Friday, October 1, 2010

Big Plans

From small to large public transportation systems, recent announcements are reminiscent of the Daniel Burnham quote, “Make no little plans; they have no magic to stir men's blood.... Make big plans... aim high in hope and work.”

Last night, the PBS NewsHour profiled rural transit in Natchez, Miss., and the plans to build a better system that will attract many more riders. Charles Carr, director of transit services, Mississippi Department of Transportation and President of the Community Transportation Association of America (CTAA) was asked to respond to arguments that subsidies are required to fund public transit. Carr replied that subsidies are used for rail and air travel as well as roads.

Natchez Transit's director, Sabrina Bartley, plans to expand service to underserved areas, start fixed-route service, and coordinate service in 13 counties.

A Bos-Wash Dream

On the other side of the spectrum, a large sytem, Amtrak, declares its plans for high-speed service along the Northeast Corridor (NEC). None other than the Secretary of Transportation praised the unprecedented regional partnership in his blog post this morning. The NEC plan envisions trips from Washington to Boston in 3 hours and 23 minutes (compared to the current 8 hours on Amtrak's Northeast Regional trains or 6 hours and 37 minutes on Acela Express), with 220 mile-per-hour service between the major cities along the corridor. More information is available from the Potomac Express and from the Philadelphia Enquirer at

What's the common denominators for implementation of ambitious plans in the rural Natchez area and the states and cities along the NEC? Champions will be needed to persist in seeing the plans through and coordination at the county, state and regional levels.

Economic Message

The message that many see in ambitious public transportation plans is the creation of jobs, increasing employment within transit systems and in the communities that it serves.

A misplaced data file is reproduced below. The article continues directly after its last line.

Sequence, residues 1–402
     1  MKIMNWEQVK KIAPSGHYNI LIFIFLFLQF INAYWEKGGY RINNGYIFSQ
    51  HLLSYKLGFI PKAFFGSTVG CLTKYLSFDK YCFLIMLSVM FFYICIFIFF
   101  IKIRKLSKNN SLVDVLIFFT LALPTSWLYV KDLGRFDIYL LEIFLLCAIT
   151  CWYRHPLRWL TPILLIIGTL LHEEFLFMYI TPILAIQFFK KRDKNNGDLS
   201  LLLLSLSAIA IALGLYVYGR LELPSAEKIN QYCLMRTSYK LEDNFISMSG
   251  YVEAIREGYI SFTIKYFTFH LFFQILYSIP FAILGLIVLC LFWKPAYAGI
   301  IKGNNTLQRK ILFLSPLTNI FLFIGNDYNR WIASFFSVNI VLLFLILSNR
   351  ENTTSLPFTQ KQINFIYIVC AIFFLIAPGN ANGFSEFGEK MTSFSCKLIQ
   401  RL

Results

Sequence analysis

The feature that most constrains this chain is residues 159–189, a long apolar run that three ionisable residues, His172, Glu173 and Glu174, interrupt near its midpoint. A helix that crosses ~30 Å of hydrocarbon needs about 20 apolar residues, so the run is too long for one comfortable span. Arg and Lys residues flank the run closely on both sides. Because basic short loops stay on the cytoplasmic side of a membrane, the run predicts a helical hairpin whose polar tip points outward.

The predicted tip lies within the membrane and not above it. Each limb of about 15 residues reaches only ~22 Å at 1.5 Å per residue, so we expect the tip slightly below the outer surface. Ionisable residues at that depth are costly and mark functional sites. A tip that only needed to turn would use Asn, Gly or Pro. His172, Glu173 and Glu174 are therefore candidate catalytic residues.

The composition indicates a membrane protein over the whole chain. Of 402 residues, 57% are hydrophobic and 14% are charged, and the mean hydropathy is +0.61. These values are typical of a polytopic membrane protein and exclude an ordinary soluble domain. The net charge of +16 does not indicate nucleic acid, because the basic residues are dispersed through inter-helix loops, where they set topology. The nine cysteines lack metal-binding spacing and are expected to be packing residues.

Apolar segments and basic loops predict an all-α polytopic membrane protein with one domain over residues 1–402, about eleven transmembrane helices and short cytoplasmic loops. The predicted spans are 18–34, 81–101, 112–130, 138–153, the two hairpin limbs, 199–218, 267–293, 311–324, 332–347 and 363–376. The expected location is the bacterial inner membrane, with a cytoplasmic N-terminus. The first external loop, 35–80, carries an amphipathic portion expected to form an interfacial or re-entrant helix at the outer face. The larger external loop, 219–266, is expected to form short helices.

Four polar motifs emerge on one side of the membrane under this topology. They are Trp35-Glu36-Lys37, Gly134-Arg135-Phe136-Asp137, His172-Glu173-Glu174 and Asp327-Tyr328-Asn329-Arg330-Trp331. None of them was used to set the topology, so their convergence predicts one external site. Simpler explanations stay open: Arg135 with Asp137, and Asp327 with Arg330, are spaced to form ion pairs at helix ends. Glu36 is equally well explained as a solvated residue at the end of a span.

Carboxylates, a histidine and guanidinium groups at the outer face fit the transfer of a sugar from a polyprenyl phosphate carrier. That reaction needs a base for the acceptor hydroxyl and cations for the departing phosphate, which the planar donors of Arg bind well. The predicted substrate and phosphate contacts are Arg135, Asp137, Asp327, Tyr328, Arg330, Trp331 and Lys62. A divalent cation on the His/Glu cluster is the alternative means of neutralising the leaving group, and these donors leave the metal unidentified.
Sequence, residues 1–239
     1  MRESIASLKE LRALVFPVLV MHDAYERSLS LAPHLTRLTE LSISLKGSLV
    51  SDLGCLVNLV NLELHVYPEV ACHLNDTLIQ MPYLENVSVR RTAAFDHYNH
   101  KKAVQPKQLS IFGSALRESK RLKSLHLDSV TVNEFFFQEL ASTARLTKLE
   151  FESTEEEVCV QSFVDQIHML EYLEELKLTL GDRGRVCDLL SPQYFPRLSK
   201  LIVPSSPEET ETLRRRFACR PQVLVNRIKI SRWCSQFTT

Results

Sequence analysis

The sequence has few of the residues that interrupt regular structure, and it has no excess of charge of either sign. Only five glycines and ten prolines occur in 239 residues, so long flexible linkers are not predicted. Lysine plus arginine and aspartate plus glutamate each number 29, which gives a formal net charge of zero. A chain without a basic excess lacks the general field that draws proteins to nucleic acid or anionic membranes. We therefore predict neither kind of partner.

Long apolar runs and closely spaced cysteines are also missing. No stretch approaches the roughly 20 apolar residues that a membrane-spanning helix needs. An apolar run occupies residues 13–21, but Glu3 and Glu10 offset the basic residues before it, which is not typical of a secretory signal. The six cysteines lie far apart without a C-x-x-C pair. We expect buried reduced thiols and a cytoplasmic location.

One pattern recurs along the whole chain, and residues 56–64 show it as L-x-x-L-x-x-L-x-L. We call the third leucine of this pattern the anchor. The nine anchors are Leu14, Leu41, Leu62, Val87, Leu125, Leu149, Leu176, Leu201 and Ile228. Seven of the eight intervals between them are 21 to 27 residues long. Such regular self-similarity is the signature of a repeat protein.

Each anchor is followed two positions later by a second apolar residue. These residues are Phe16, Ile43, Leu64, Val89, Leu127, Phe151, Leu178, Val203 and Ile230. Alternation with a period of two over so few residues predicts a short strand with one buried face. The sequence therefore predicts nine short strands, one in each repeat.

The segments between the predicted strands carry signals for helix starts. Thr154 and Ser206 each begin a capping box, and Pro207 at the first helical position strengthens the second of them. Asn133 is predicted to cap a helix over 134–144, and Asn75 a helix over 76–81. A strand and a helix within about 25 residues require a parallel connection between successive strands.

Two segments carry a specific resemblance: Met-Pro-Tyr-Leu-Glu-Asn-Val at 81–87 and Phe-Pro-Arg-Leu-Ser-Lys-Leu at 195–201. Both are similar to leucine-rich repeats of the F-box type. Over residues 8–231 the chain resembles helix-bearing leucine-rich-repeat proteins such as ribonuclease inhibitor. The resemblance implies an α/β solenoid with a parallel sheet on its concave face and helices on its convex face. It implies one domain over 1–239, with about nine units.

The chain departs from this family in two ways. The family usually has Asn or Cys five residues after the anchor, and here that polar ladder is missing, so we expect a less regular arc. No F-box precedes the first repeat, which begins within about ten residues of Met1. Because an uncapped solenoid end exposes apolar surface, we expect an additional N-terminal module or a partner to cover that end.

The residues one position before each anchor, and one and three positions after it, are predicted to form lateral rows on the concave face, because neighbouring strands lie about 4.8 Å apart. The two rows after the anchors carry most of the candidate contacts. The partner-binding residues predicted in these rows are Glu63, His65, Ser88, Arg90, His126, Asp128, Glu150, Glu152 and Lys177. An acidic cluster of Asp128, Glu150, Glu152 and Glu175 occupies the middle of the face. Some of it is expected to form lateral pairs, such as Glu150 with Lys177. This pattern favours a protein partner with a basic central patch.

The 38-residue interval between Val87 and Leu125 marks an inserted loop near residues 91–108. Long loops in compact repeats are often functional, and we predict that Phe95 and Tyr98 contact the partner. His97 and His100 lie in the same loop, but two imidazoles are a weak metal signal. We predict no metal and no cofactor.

The Natchez Transit director speaks of attracting business. Employers, she says, are always interested in whether their employees can get to work. For Amtrak and those supporting the NEC plan, there are estimates that thousands of jobs could be created. Amtrak's president, Joseph Boardman, says that the new high-speed rail corridor's bridges, tunnels, and stations "would create 40,000 full-time jobs per year over 25 years" and planners estimate 120,000 new permanent jobs would result from improved economic productivity along the corridor.

Green Jobs

Ambitious plans are not limited to local and intercity transportation. According to the National Association of Regional Councils (NARC), a green economy incorporates transit and coordination among regional sectors. In its discussion of green jobs in a letter to the Department of Labor, NARC points out the Kansas City regional plan. (The Department of Labor definition of
green jobs contemplates public transit.)

Mid-America Regional Council (MARC) is the multi-faceted regional planning organization representing the Kansas City bi-state region (Missouri and Kansas). MARC is a leader in developing Kansas City’s Green Impact Zone, an effort to concentrate resources — with funding, coordination, and public and private partnerships — in one specific area to demonstrate that a targeted effort can literally transform a community. This national model for place-based investment is now underway in the heart of Kansas City's urban core and has received significant federal recognition and funding. At the heart of the Green Impact Zone initiative is a project that would put area residents to work weatherizing the 2,500 homes in the zone’s neighborhoods. Another piece calls for development of a green bus rapid-transit system that would include bio-diesel buses and green bus shelters. A third piece would provide job training and employment programs for ex-parolees in green building, park restoration and transit work. The Green Impact Zone project will include an employment and training program coordinated both with zone activities and business interests outside of the zone.


To encourage the use of commuter transit and keep it on par with driving, the American Public Transportation Association (APTA) is urging its members to contact Congress to extend the commuter tax benefit for transit riders. APTA writes in its legislative update,
Under ARRA, the transit/vanpool portion of the benefit was increased to $230 per month, treating each mode of transportation as equal. This provision is set to expire on December 31, 2010, and without an extension, the transit tax benefit would be reduced by more than half to the previous $120 per month amount.

APTA is asking Congress to either extend ARRA's higher commuter tax benefit or to "permanently equalize the transit benefit and parking benefit."

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